Osteoporosis

Osteoporosis is a skeletal disorder characterized by decreased bone strength and density. Dual-energy x-ray absorptiometry (DXA) is the gold standard test for diagnosis. Laboratory testing is useful in ruling out secondary causes of osteoporosis. Bone turnover marker testing is available but is not the primary method for diagnosing or monitoring osteoporosis.

Diagnosis

Indications for Testing

Bone mineral density (BMD) testing (DXA) is recommended for women ≥65 years, postmenopausal women with risk factors, and men ≥70 years or younger men with risk factors (see Screening for details).

Criteria for Diagnosis

  • Postmenopausal women (Camacho, American Association of Clinical Endocrinologists [AACE], 2016)
    • T-score of -2.5 or less in lumbar spine, femoral neck, total hip, and/or one-third radius, even without marked fracture
      • T-score is defined as standard deviation of individual’s BMD from the mean value for healthy young Caucasian women
    • Low-trauma fracture in spine or hip, irrespective of BMD
    • Low bone mass or osteopenia (T-score from -1 to -2.5) with fragility fracture of the proximal humerus, pelvis, or distal forearm
    • Low bone mass or osteopenia and high fracture probability based on fracture risk assessment tool (FRAX)
  • Other populations
    • T-score of -2.5 or less at the femoral neck (WHO standard for osteoporosis diagnosis; International Society for Clinical Densitometry [ISCD], 2015)
    • Z-scores for BMD, rather than T-scores, are preferred in premenopausal women/girls and in boys/men <50 years (ISCD, 2015)

Laboratory Testing

  • Testing for causes of secondary osteoporosis should be considered
    • Serum calcium, phosphorus, magnesium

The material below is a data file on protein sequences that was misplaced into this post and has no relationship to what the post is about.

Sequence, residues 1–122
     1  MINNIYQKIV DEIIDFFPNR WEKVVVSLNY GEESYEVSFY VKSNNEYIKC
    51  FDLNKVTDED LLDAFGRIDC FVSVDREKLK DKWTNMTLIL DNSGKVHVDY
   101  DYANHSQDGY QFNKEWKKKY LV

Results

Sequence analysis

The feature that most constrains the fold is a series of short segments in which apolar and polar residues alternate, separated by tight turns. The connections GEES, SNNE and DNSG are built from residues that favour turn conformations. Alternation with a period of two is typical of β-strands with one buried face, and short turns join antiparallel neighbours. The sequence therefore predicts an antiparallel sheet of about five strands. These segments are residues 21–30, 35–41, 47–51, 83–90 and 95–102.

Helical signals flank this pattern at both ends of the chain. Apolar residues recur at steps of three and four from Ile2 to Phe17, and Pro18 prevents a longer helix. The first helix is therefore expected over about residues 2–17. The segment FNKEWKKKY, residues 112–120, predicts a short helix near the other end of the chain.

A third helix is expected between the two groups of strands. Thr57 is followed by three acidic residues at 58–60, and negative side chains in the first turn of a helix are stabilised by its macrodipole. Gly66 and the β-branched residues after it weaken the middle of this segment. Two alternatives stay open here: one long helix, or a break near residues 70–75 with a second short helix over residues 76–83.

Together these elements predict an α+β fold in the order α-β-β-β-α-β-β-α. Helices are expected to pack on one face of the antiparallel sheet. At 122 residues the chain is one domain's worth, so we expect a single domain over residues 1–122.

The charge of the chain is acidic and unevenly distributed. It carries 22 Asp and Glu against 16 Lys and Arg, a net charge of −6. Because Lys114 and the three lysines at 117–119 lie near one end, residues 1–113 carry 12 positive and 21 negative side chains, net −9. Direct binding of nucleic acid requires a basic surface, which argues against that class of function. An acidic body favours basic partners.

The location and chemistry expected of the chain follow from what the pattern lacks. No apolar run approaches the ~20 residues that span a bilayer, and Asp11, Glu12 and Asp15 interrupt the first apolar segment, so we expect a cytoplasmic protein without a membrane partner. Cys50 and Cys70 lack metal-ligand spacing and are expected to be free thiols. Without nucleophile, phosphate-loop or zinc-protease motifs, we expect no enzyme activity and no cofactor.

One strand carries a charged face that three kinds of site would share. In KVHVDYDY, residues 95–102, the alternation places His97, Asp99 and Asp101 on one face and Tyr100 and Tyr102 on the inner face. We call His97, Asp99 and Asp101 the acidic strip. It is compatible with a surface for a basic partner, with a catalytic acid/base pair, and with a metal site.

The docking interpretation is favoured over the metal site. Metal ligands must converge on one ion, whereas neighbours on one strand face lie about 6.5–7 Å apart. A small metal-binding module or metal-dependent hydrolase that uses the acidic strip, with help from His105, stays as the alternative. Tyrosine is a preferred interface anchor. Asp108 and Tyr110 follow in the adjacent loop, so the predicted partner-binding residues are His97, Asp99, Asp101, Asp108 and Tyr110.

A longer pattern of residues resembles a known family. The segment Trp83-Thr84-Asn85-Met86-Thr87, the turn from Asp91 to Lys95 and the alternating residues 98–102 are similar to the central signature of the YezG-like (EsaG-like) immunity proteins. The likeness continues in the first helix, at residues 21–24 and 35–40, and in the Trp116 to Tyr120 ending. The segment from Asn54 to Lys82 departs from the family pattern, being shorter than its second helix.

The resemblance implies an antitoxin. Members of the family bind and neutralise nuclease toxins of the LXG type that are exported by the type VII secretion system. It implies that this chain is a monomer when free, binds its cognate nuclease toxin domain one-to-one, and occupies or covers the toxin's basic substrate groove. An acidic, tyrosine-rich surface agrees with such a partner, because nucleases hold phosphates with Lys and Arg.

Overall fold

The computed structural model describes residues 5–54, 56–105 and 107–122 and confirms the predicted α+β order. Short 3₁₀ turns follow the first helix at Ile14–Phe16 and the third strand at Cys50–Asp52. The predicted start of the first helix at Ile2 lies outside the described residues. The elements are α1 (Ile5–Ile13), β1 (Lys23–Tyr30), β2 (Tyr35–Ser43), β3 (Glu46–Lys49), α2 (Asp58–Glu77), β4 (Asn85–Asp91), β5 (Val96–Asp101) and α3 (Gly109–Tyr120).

• CBC – if anemia present, evaluate for underlying conditions, such as multiple myeloma, cancer, malabsorption
    • Renal function testing – for renal disease assessment
    • Alkaline phosphatase – evaluate for Paget disease
    • 24-hour urine calcium – to detect hypercalciuria
    • Serum albumin – malnutrition, malabsorption assessment
    • Vitamin D 25(OH)D – for vitamin D deficiency; evaluate patients >50 years for malnutrition, malabsorption, and celiac disease
    • Thyroid stimulating hormone (TSH) – evaluate for hyperthyroidism
    • Liver function tests –  evaluate for chronic liver disease
    • Testosterone (males) – evaluate younger men for hypogonadism
    • Parathyroid hormone (PTH) (intact or PTH-related protein [PTHrP]) – evaluate for hyperparathyroidism
  • Testing for bone turnover
    • Consider testing at initial diagnosis and at follow-up (Camacho, AACE, 2016; Cosman, National Osteoporosis Foundation [NOF], 2014)
    • Higher rates of bone turnover are associated with higher fracture risk
Bone Turnover Markers
Bone Formation Markers ARUP Tests Comments
Serum procollagen type 1 N-terminal propeptide

Serum procollagen type 1 C-terminal propeptide

Procollagen Type I Intact N-Terminal Propeptide 0070236 Most frequently used marker of bone formation

Expect reduced levels when on antiresorptive therapy

Serum osteocalcin Osteocalcin by Electrochemiluminescent Immunoassay 0020728 Limited use in clinical practice due to variability
Serum bone-specific alkaline phosphatase Bone Specific Alkaline Phosphatase 0070053 Expect increased levels with antiresorptive therapies
Bone Resorption Markers
Serum collagen type I cross-linked telopeptide C-Telopeptide, Beta-Cross-Linked, Serum 0070416 Most frequently used resorptive marker
Urine or serum N-telopeptide N-Telopeptide, Cross-Linked, Urine 0070062

N-Telopeptide, Cross-Linked, Serum 0070500

Fasting AM urine spot is optimal
Urine pyridinoline Pyridinium Crosslinks (Total), Urine 0070213

Pyridinoline and Deoxypyridinoline by HPLC 0080342

Expect reduced levels with antiresorptive therapies

Early AM spot urine sample is preferred

Urine deoxypyridinoline Deoxypyridinoline Crosslinks, Urine 0070212

Pyridinoline and Deoxypyridinoline by HPLC 0080342

Expect reduced levels with antiresorptive therapies

Early AM spot urine sample is preferred

Urine hydroxyproline n/a Nonspecific marker; also reflects bone formation
HPLC, high-performance liquid chromatography

Imaging Studies

DXA – gold standard for diagnosis

Differential Diagnosis

Screening

Recommended Populations to Screen for Osteoporosis
  Women Women (postmenopausal) Men
USPSTF, 2018 Women ≥65 years Postmenopausal women <65 years considered at risk for osteoporosis based on formal risk assessment tool Men – evidence is insufficient for a recommendation for or against screening in men
NOF, 2014 Women >65 years Postmenopausal women >50 years with either risk factors or fracture (new or historical adult age fracture) Men >70 years, or >50 years with risk factors or fracture (new or historical adult age fracture)